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dc.contributor.authorTsui, Judith I.en_US
dc.contributor.authorMaselli, Judithen_US
dc.contributor.authorGonzales, Ralphen_US
dc.date.accessioned2011-12-29T21:03:23Z
dc.date.available2011-12-29T21:03:23Z
dc.date.issued2008-12-23en_US
dc.identifier.citationTsui, Judith I., Judith Maselli, Ralph Gonzales. "Sociodemographic Trends in National Ambulatory Care Visits for Hepatitis C Virus Infection" Digestive Diseases and Sciences 54(12): 2694-2698. (2008)en_US
dc.identifier.issn1573-2568en_US
dc.identifier.urihttps://hdl.handle.net/2144/2551
dc.description.abstractPoor and non-white patients are disproportionately infected with the hepatitis C virus (HCV). The objective of this research is to determine sociodemographic patterns of HCV-related ambulatory care visits over time. Data from the National Ambulatory Medical Care Survey (NAMCS) and the National Hospital Ambulatory Medical Care Survey-Outpatient (NHAMCS-OPD) for the years 1997–2005 were analyzed in 3-year intervals. Demographic and other variables were compared for each period, and multivariable logistic regression was performed to examine whether the likelihood of a visit being HCV-related (versus non-HCV) was independently associated with (1) race and/or (2) Medicaid status over time. The total number of HCV-related ambulatory visits more than doubled from 3,583,585 during the years 1997–1999 to 8,027,166 during 2003–2005. During this time, the proportion of non-whites and Medicaid recipients presenting for HCV-related visits approximately doubled (non-whites: 16% vs. 33%, P = 0.04; Medicaid recipients: 10% vs. 25%, P = 0.07). In 2003–2005, HCV-related visits were more than twice as likely to occur among non-white patients vs. white patients (OR = 2.49; 95% CI: 1.60–3.86) and patients on Medicaid vs. non-Medicaid (3.49; 1.79–6.80). Our results show that HCV-associated ambulatory care visits are increasing, with a greater proportion of visits occurring among non-white patients and Medicaid recipients.en_US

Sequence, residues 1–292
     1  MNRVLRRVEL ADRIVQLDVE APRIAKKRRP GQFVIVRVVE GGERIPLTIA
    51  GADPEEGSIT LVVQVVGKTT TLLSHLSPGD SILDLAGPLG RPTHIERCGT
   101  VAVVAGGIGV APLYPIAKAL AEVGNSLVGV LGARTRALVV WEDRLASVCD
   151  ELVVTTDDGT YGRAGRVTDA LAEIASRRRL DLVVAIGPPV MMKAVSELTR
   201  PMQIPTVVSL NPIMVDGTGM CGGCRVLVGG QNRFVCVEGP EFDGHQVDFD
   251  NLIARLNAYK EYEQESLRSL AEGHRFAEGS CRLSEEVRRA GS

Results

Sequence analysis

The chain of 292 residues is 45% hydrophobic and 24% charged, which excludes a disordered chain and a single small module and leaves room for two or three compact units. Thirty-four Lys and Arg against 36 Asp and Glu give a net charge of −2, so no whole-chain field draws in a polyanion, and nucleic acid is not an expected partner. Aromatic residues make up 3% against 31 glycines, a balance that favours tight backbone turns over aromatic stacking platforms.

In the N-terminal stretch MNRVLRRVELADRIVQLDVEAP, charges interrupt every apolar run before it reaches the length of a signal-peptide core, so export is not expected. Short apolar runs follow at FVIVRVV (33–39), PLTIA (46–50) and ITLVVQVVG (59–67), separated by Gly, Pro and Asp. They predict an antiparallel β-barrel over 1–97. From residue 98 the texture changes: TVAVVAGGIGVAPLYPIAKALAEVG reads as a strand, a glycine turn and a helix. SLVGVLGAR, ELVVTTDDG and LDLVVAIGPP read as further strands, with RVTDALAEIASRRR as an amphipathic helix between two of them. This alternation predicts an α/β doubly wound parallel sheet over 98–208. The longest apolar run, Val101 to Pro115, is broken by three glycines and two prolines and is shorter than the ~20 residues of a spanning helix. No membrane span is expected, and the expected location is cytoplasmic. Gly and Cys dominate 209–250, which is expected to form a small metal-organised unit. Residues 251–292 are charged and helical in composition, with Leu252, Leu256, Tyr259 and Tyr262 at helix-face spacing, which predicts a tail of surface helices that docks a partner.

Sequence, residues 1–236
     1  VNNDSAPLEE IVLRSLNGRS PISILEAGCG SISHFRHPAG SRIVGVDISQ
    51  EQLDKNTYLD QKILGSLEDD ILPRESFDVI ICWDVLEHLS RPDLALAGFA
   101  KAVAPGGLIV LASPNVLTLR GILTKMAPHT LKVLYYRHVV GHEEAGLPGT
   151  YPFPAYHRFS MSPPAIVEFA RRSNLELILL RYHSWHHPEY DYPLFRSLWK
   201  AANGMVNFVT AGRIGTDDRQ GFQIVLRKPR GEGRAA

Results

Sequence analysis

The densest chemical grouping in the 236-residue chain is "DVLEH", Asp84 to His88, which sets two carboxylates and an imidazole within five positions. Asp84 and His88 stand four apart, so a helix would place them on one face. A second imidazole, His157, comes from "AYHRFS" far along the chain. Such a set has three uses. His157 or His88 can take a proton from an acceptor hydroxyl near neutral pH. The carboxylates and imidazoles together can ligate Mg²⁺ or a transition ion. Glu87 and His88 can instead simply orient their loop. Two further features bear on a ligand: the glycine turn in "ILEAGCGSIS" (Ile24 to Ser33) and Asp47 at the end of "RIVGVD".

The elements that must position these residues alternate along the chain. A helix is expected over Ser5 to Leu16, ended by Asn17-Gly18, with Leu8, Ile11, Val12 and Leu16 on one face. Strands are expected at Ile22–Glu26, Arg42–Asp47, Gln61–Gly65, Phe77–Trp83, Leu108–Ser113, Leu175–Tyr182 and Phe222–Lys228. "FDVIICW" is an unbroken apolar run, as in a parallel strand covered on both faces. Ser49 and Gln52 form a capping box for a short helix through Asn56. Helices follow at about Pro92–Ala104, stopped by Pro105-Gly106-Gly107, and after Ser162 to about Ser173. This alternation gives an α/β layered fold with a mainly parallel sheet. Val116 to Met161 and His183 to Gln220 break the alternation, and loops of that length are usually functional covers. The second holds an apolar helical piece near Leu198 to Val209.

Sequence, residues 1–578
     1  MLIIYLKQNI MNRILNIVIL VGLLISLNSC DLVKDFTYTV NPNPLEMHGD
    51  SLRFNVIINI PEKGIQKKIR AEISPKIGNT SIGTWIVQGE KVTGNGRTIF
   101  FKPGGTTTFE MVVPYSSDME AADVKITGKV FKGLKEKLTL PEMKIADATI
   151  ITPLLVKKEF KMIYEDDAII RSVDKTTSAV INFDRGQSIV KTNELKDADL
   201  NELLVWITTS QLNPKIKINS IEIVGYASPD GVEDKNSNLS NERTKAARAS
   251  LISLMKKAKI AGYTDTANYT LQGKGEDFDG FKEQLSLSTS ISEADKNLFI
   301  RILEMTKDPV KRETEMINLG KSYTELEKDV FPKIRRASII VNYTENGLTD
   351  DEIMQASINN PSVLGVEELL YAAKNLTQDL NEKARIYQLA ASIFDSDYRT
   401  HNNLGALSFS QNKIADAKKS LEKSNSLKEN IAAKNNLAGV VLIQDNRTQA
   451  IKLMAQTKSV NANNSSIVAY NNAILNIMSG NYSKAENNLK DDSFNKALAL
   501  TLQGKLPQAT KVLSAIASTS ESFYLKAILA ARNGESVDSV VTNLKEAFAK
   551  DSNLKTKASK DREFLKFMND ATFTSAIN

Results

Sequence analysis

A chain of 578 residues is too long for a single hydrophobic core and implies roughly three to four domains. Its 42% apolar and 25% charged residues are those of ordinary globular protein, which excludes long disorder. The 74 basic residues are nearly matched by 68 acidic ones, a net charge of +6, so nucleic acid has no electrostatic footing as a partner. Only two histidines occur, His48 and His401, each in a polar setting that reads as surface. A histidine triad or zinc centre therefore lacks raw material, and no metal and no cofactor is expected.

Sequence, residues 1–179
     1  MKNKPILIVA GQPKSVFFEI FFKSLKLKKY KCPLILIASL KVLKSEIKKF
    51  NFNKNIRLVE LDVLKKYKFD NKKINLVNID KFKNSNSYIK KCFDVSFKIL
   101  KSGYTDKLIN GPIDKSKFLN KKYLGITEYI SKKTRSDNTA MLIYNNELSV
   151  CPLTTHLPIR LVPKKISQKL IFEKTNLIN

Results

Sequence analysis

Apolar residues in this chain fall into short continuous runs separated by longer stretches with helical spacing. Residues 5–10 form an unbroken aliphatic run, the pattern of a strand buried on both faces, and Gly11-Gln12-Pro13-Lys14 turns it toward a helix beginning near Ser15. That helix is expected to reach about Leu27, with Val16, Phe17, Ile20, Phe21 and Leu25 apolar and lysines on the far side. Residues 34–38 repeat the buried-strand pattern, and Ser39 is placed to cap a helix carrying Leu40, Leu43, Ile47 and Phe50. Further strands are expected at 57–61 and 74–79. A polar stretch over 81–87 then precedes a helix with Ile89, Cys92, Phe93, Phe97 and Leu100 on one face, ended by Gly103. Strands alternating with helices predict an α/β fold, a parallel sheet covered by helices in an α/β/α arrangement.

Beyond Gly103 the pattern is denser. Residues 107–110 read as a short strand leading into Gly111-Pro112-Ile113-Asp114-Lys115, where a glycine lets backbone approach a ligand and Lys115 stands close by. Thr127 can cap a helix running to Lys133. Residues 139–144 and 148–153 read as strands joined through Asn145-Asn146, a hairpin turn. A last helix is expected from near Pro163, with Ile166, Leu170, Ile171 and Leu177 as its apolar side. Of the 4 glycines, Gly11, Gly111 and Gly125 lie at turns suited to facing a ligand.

dc.description.sponsorshipNational Institutes of Health's National Center for Research Resources (KL2RR024130)en_US
dc.language.isoenen_US
dc.publisherSpringer USen_US
dc.rights© Tsui et al., 2008en_US
dc.subjectHepatitis Cen_US
dc.subjectHealth disparitiesen_US
dc.subjectAmbulatory careen_US
dc.subjectHealth servicesen_US
dc.titleSociodemographic Trends in National Ambulatory Care Visits for Hepatitis C Virus Infectionen_US
dc.typeArticleen_US
dc.identifier.doi10.1007/s10620-008-0659-2en_US
dc.identifier.pmid19104932en_US
dc.identifier.pmcid2778662en_US


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